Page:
Felony Assault With Strangulation Defense
If you’ve just been arrested for assault with strangulation case, you probably have a thousand questions racing through your mind. What can I do now? What is the process? Will I go back to jail? Is self-defense a valid legal argument?
You need experienced Austin assault family violence attorneys who understand the Travis County court system inside and out. We zealously represent your rights throughout this process and answer all the questions you have along the way.
Our team has a combined 30+ years of experience helping people charged with assault in Austin. We will tell you what to expect and how to improve the chances of getting the best result. Having experienced attorneys can make the difference between getting your case dismissed or being convicted. See Our Recent Dismissals
What is Felony Assault With Strangulation?
To be charged with assault in Texas, you have to intentionally, knowingly, or recklessly cause bodily injury. The definition of bodily injury is defined by the Texas Penal Code as physical pain, illness, or any impairment of physical condition. You can be charged with assault with dating or family violence if you intentionally, knowingly, or recklessly cause bodily injury to someone who you’re dating, related to, living with, or married to. These cases can be between family members, like husband and wife, but also could come from a fight between roommates who are not related.
If violence is carried out between these types of relationships, it can be considered dating or family violence:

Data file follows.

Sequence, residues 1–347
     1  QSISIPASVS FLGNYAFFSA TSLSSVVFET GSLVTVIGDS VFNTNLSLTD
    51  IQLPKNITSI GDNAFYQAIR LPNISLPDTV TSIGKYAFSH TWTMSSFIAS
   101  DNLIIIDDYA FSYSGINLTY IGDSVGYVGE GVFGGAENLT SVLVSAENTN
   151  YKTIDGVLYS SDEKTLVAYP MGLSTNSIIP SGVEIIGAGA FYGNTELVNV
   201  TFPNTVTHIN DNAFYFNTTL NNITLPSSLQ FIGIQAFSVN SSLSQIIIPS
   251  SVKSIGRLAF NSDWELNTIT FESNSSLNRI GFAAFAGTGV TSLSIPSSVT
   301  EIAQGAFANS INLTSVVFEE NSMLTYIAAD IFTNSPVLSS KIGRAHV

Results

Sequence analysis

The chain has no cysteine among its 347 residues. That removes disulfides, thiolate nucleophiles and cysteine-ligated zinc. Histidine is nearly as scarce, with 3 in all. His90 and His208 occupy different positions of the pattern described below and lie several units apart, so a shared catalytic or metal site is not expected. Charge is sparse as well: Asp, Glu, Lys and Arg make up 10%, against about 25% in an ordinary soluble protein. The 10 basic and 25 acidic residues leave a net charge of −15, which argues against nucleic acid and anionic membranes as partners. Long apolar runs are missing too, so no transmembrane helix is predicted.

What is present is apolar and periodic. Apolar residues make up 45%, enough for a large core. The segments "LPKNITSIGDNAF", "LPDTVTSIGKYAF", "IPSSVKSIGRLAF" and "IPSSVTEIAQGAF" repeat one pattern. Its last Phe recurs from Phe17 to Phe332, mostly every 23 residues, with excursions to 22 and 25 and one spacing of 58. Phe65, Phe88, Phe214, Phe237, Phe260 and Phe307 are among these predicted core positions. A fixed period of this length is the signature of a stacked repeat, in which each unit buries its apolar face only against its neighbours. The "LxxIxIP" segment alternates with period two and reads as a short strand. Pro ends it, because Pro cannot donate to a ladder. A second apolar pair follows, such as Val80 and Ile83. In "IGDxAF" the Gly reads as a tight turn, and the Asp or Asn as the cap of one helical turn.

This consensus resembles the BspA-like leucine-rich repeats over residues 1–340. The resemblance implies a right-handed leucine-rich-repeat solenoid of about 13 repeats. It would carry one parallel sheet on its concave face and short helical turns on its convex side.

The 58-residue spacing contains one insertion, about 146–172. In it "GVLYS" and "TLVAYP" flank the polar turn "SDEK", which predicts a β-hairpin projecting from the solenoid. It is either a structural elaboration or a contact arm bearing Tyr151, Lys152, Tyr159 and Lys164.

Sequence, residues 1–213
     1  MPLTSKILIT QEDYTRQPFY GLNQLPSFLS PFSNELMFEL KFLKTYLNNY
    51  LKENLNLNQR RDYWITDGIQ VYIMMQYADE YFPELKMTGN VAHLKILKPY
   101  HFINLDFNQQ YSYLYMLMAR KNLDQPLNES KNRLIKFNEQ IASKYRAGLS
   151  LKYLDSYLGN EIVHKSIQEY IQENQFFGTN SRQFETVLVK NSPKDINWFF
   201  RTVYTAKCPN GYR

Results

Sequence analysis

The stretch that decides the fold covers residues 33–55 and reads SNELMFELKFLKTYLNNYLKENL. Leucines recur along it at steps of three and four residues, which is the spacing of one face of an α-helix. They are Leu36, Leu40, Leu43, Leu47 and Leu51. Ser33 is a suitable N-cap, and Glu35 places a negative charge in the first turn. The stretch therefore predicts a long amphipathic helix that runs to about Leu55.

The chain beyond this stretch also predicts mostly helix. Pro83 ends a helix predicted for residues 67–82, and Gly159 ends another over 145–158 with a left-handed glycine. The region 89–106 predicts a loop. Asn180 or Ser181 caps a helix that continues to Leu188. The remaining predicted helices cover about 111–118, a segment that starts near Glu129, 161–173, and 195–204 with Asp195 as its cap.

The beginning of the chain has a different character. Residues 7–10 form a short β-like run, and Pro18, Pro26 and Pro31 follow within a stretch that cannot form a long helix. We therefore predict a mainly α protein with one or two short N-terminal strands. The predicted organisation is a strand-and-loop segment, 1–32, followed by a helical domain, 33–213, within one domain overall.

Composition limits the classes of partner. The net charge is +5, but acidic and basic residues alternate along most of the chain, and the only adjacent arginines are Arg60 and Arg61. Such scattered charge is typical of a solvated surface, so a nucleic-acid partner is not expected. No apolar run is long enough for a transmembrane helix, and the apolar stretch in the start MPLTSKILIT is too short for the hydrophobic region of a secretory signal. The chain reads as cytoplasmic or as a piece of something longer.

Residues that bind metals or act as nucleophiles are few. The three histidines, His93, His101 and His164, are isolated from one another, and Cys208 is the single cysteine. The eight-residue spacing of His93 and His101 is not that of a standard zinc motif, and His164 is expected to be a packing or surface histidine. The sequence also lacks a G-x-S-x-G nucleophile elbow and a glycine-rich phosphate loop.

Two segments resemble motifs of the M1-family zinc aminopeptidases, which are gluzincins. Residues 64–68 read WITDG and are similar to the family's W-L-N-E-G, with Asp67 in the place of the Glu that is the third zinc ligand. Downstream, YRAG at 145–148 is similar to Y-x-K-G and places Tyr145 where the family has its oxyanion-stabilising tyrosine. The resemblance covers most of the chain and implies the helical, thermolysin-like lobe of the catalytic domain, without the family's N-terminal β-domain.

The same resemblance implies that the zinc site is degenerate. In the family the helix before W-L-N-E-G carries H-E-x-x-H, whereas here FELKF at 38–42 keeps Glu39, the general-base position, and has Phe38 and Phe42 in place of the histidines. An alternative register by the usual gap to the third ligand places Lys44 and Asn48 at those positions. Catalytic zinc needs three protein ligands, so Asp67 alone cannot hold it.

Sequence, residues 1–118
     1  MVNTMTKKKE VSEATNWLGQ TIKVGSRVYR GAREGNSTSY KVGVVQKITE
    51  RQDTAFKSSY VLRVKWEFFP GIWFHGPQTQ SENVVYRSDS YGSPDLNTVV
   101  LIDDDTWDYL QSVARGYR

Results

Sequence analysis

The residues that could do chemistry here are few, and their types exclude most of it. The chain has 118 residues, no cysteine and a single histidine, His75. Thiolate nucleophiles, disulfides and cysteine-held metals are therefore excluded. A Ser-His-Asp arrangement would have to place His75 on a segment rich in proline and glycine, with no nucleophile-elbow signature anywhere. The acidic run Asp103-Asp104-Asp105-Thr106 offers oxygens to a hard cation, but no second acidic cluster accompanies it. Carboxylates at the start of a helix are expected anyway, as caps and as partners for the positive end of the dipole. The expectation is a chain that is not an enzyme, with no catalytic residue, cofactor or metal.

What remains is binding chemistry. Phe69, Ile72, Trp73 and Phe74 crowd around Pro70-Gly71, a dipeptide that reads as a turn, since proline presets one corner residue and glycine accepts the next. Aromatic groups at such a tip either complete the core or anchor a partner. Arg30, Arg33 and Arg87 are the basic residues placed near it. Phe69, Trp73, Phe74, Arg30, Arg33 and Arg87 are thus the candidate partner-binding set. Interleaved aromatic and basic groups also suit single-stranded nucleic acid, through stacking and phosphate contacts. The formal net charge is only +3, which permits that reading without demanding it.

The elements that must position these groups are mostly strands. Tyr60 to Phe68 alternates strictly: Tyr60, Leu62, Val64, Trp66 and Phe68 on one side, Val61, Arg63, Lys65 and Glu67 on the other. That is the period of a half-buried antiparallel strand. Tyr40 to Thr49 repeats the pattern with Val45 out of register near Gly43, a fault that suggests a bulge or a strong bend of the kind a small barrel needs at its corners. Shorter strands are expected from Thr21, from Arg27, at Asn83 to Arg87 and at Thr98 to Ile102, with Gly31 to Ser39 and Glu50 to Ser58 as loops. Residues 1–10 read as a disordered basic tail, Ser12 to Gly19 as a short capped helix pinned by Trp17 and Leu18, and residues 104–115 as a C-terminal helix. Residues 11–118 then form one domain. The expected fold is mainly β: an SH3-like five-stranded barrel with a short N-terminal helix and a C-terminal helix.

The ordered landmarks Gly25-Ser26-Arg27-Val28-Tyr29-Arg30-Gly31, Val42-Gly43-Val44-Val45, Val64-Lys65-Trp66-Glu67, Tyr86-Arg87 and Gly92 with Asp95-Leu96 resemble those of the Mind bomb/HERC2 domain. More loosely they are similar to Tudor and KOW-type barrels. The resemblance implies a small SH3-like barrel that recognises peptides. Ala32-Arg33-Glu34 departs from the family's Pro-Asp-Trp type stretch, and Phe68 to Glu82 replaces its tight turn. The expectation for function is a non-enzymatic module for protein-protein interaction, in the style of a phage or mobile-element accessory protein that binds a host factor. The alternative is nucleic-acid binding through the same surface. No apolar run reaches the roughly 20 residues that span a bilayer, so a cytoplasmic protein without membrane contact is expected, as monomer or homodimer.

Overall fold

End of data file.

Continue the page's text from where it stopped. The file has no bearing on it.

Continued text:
Current or former spouse, partner, boyfriend/girlfriend
Parent of your child
Child of your current or former spouse
Blood or adoptive family member
However, due to Texas Penal Code § 22.01(b)(2)(B), the punishment from a class A misdemeanor assault can be enhanced to a third or second degree felony if there’s an aggravating circumstance by impeding breathing or circulation of the blood by strangulation.
“the offense is committed by intentionally, knowingly, or recklessly impeding the normal breathing or circulation of the blood of the person by applying pressure to the person’s throat or neck or by blocking the person’s nose or mouth”
Police are always looking for signs of strangulation and will ask the complaining witness if they had trouble breathing during the assault.
A conviction on an assault charge with strangulation, suffocation, or choking is a felony offense that could lead to a possible prison sentence and fines. This kind of charge could also affect your rights to gun ownership, certain licenses, and can have an impact on employment.
Outcomes of a Assault With Strangulation Case
The legal outcomes for an assault by strangulation case in Texas can vary based on the specifics of the case, but in general, they could include:
Criminal charges and penalties for assault with strangulation:
If convicted, the first offense is a third-degree felony with a possible prison sentence from two to up to ten years, as well as fines up to $10,000.
The second offense is a second-degree felony with a possible prison sentence of two to up twenty years, as well as fines up to $10,000.
Depending on the circumstances of the case, the defendant could be eligible for community supervision (also known as probation). This could involve various conditions like check-ins, counseling, drug tests, etc.
Depending on the relationship between those involved in the case, and the nature of the case, the court might issue a protective order prohibiting the defendant from approaching or contacting the complaining witness.